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FTC gets into the 'natural' game—but does it advance the ball?

Ivan Wasserman
Ivan Wasserman of Manatt, Phelps and Phillips LLP
The FTC takes action against five personal care companies using "all natural" claims but doesn't tackle the difficult issues that companies (and courts) struggle with when deciding what is "natural."

In what I believe is the first of its kind (at least in recent memory), the Federal Trade Commission has taken enforcement actions against companies for claiming that their products are "all natural"€ or "100 percent natural." The products are not foods or dietary supplements, which are currently the focus of the FDA's request for information on whether or how it should define the term "œnatural," but rather they are topical skin care products, sunscreens and shampoos.

The FDA and FTC both regulate claims made for foods, dietary supplements and cosmetics. FDA has primary jurisdiction over claims on product labels and in labeling, and the FTC has primary jurisdiction over claims made in advertising. Both agencies prohibit false or misleading claims, and neither currently has a formal definition of the term "natural."

The FTC charged five companies with misleading consumers by claiming the products are "all natural"€ or "œ100 percent natural," because the products contain "€œsynthetic"€ ingredients including dimethicone, ethyhexylglycerin, phenoxyethanol, polyethylene, Polyquaternium-37, caprylyl glycol, Polyquaternium-7 and other synthetic ingredients.

Four of the companies agreed to settle with the FTC by signing consent orders, and the FTC issued a complaint against the fifth company. The consent orders with the four companies cover "€œ100 percent natural" and "œall natural"€ claims, however the orders do not define what natural means. Instead, the orders prohibit the companies from claiming that a product is "all natural" or "100 percent natural" in the future unless such claim is "is non-misleading, including that, at the time such representation is made, the [company] possesses and relies upon competent and reliable evidence—that is sufficient in quality and quantity based on standards generally accepted in the relevant fields when considered in light of the entire body of relevant and reliable evidence, to substantiate that the representation is true."€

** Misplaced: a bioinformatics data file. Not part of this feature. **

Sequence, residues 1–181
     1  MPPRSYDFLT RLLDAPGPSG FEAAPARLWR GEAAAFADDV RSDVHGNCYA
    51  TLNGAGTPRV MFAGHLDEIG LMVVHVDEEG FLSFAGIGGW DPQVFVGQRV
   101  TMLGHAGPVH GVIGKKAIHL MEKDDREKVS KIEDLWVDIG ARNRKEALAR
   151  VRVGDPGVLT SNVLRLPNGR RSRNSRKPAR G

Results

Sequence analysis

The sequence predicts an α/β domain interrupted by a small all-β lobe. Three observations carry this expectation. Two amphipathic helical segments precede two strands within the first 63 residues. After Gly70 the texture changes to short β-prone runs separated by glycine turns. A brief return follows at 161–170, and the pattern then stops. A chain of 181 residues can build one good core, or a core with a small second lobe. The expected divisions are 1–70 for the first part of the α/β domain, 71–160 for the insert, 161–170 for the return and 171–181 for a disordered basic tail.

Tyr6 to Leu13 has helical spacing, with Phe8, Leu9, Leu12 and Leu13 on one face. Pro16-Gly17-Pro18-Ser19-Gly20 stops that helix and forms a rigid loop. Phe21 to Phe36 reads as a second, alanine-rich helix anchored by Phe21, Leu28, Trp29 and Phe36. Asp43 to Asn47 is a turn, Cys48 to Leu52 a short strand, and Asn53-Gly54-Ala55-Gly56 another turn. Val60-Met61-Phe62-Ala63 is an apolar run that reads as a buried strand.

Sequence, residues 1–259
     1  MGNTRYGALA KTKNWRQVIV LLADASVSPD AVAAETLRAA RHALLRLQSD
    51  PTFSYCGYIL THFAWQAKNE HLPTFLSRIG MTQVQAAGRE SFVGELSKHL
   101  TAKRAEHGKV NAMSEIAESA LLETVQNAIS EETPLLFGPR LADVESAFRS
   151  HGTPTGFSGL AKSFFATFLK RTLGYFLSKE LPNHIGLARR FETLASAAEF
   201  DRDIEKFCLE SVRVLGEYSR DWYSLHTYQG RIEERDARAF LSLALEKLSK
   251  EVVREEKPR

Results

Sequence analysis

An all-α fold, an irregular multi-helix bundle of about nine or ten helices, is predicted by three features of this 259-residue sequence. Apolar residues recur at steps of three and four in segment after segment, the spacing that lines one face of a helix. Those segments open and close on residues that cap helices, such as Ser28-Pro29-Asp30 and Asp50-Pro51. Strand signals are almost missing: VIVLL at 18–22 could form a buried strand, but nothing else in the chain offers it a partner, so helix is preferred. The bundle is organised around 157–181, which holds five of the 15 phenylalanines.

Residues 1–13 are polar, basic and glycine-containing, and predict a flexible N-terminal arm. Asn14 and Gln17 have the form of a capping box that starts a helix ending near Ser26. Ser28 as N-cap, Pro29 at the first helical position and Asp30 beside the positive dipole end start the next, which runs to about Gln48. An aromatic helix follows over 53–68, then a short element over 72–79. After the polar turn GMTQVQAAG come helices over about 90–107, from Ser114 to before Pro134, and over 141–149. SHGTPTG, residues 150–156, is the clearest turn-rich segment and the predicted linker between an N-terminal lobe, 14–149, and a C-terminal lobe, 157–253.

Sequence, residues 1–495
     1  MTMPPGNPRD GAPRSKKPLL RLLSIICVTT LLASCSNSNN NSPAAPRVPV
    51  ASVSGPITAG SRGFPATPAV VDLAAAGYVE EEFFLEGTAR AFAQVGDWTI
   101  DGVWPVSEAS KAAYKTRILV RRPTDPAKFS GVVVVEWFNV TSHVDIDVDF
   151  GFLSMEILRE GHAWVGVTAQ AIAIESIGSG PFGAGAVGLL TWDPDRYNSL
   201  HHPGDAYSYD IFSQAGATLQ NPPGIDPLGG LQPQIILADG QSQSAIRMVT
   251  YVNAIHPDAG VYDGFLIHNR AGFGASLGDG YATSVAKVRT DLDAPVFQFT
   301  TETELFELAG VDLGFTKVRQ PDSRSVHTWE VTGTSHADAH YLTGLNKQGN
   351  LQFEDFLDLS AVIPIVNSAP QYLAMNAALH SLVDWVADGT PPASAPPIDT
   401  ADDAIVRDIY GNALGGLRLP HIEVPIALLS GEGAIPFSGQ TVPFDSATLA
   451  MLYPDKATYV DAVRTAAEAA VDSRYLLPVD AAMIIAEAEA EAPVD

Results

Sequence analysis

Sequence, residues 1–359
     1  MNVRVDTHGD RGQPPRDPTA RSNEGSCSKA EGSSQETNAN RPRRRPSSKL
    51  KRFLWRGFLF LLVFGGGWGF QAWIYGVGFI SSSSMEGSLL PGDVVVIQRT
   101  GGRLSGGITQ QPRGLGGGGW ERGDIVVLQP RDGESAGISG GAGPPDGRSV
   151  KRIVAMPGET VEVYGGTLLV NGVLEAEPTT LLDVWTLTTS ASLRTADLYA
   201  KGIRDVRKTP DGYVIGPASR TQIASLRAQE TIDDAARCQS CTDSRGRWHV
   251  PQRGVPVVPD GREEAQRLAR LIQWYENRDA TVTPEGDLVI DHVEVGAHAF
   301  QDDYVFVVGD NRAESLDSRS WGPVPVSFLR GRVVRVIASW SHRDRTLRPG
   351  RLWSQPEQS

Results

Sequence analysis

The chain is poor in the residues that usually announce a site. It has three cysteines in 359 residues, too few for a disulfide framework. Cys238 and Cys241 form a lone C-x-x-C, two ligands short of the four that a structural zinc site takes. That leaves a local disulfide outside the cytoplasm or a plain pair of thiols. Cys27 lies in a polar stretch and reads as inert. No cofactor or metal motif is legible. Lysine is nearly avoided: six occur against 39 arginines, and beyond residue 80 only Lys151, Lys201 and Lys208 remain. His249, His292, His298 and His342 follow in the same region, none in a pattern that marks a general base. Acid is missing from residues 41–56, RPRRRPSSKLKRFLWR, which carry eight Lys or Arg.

By not providing a definition of the term "natural"€ in these orders, the FTC did not tackle the difficult issues that companies (and courts) struggle with when deciding whether an ingredient is "natural." The ingredients that got these companies into trouble with the FTC seem to be clearly not "natural" (synthetic chemicals). Can these companies claim a product is 100 percent natural if has a very processed botanical ingredient? A GMO ingredient? The orders do not provide clear guidance with respect to any particular ingredient, and it seems whether an ingredient is "natural" under the order will depend on expert opinion, which can certainly vary and can change over time.

In the FTC’s press release, Jessica Rich, director of the FTC’s Bureau of Consumer Protection, warned that, "'all natural' or '100 percent natural' means just that—€”no artificial ingredients or chemicals. Companies should take a lesson from these cases." The FDA has previously issued warning letters to food companies for claiming their products are €œ"all natural" in similar "œeasy" cases, such as when the product contain synthetic preservatives.

So if you want to play the "€œnatural"€ game, you can add the FTC to the list of referees trying to ensure fair play. However, it is still a very tough game to play without clear rules.

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